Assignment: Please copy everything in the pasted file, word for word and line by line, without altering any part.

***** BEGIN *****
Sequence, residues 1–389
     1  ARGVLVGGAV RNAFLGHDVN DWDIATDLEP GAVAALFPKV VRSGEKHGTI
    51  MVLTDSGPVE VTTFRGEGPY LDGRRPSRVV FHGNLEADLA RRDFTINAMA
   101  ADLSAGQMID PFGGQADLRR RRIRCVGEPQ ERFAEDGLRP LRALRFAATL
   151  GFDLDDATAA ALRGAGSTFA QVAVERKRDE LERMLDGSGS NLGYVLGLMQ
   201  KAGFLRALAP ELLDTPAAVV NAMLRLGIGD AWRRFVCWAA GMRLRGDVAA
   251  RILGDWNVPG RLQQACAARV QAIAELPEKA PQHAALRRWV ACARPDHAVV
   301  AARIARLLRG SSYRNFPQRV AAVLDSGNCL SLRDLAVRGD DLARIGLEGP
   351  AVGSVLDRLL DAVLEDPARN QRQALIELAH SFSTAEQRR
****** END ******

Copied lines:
Sequence, residues 1–389
     1  ARGVLVGGAV RNAFLGHDVN DWDIATDLEP GAVAALFPKV VRSGEKHGTI
    51  MVLTDSGPVE VTTFRGEGPY LDGRRPSRVV FHGNLEADLA RRDFTINAMA
   101  ADLSAGQMID PFGGQADLRR RRIRCVGEPQ ERFAEDGLRP LRALRFAATL
   151  GFDLDDATAA ALRGAGSTFA QVAVERKRDE LERMLDGSGS NLGYVLGLMQ
   201  KAGFLRALAP ELLDTPAAVV NAMLRLGIGD AWRRFVCWAA GMRLRGDVAA
   251  RILGDWNVPG RLQQACAARV QAIAELPEKA PQHAALRRWV ACARPDHAVV
   301  AARIARLLRG SSYRNFPQRV AAVLDSGNCL SLRDLAVRGD DLARIGLEGP
   351  AVGSVLDRLL DAVLEDPARN QRQALIELAH SFSTAEQRR